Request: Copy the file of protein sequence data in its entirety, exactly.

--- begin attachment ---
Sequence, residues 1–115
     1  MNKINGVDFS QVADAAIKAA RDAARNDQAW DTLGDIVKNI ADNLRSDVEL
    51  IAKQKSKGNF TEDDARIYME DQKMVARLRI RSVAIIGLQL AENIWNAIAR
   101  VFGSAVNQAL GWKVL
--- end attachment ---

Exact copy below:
Sequence, residues 1–115
     1  MNKINGVDFS QVADAAIKAA RDAARNDQAW DTLGDIVKNI ADNLRSDVEL
    51  IAKQKSKGNF TEDDARIYME DQKMVARLRI RSVAIIGLQL AENIWNAIAR
   101  VFGSAVNQAL GWKVL